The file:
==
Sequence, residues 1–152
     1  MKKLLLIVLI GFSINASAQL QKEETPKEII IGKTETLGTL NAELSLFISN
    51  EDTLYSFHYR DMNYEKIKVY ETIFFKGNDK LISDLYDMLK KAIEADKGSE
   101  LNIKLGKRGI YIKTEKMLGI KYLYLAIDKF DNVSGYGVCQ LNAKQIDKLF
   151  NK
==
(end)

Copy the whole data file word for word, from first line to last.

Sequence, residues 1–152
     1  MKKLLLIVLI GFSINASAQL QKEETPKEII IGKTETLGTL NAELSLFISN
    51  EDTLYSFHYR DMNYEKIKVY ETIFFKGNDK LISDLYDMLK KAIEADKGSE
   101  LNIKLGKRGI YIKTEKMLGI KYLYLAIDKF DNVSGYGVCQ LNAKQIDKLF
   151  NK